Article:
Sunday, August 13, 2017
This watercolor sketch of an inlet in Georgetown, Maine serves a couple of purposes for me.
One, I'd been so focused on pen and ink drawings I missed painting. In addition to composition and design, I truly enjoy working with color and paint- watercolors in particular. For whatever reason, I find it more enjoyable (and more efficient) to experiment with watercolor than the other mediums I work with (Acrylic, Oil, Goache, Charcoal, Pencil). The medium of watercolor itself, I find it to be the quickest medium to get ideas to paper. Some of that is simple physics - water flows quickly and smoothly. Another reason is the ease of transport and clean up of watercolor. I also began my artistic journey with watercolor so that is the medium I've worked with the longest.
One piece of advice I would give, is take whatever advice that is given to you for what it is worth for your journey - not as gospel. One of the most common pieces of advice that I recieved is that watercolor is very difficult to work with. That once you make a "mistake" you cannot correct it. If we go into anything convinced that we cannot correct mistakes, that we must be "perfect" - we are unlikely to try in the first place or to persevere when we encounter the inevitiable challenges that go hand and hand with learning.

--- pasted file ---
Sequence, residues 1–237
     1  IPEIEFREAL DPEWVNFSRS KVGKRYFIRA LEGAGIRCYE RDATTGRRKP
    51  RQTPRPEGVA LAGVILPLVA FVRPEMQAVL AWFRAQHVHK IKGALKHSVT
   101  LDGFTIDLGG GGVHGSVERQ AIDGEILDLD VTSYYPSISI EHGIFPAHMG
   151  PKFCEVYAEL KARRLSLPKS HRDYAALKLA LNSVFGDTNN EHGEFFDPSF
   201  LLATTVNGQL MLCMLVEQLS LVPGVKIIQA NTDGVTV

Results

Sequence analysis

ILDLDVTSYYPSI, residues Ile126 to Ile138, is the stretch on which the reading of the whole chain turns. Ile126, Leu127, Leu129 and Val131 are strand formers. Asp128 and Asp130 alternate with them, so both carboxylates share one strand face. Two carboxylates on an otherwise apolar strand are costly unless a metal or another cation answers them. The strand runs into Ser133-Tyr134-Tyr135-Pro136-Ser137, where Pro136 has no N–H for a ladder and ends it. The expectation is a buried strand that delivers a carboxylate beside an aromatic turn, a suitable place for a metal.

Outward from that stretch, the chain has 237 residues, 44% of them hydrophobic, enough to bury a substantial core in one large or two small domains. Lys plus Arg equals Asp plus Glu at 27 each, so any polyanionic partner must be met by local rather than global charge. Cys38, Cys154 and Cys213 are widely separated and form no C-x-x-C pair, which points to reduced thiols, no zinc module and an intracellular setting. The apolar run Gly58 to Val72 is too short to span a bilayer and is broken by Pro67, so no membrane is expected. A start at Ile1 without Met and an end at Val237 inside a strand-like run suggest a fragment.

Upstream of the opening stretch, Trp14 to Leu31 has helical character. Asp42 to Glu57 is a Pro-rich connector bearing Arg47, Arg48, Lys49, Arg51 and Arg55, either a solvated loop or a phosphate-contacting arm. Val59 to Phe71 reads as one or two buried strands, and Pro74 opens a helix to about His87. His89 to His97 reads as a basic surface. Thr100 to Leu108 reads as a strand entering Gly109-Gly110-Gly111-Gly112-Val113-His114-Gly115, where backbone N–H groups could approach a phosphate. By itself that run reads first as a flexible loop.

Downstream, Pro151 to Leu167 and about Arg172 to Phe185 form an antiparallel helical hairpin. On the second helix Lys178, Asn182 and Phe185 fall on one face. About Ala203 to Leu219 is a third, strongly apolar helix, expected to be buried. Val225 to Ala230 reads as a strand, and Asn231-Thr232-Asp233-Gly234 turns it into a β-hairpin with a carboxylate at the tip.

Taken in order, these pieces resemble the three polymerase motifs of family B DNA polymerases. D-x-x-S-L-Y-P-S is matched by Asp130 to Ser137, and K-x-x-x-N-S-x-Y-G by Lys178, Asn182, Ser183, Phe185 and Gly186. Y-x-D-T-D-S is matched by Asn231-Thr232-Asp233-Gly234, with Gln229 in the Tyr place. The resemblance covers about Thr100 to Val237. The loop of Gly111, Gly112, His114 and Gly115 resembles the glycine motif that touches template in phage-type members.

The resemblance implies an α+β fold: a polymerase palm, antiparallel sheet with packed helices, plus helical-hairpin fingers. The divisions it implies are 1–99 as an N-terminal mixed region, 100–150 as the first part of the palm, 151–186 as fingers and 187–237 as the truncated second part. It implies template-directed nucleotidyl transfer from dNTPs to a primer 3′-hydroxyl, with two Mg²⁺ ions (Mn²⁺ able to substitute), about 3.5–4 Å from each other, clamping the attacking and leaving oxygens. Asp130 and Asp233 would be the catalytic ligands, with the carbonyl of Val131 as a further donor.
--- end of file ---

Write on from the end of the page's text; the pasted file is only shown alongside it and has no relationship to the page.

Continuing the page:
Don't get me wrong, classes or advice from those more experienced can be incredibly valuable and can save you a lot of learning time. Just don't be afraid to forge your own path.
This studio sketch (living room actually) was an interpretation of a sketching trip Julie and I took to Georgetown Months ago. I look forward for going
It was a grey day when I was sketching on location but for the purposes of the watercolor I wanted I experiment with different effects that sunlight would have. This sketch has also given me some different compositional ideas.
What I've started doing now is storing sketches and paintings (when possible due to size) together for future reference. For now, my pen and ink sketches are all still in the original sketchbook as I often find when sketching on location I'll find a subject for a quick margin sketch that fits with other subjects (such as one page of reflections) for potential future development.
The Georgetown area is so beautiful, I can not wait to go back. And talk about having a magnificent "office!" We are so lucky to live in Maine.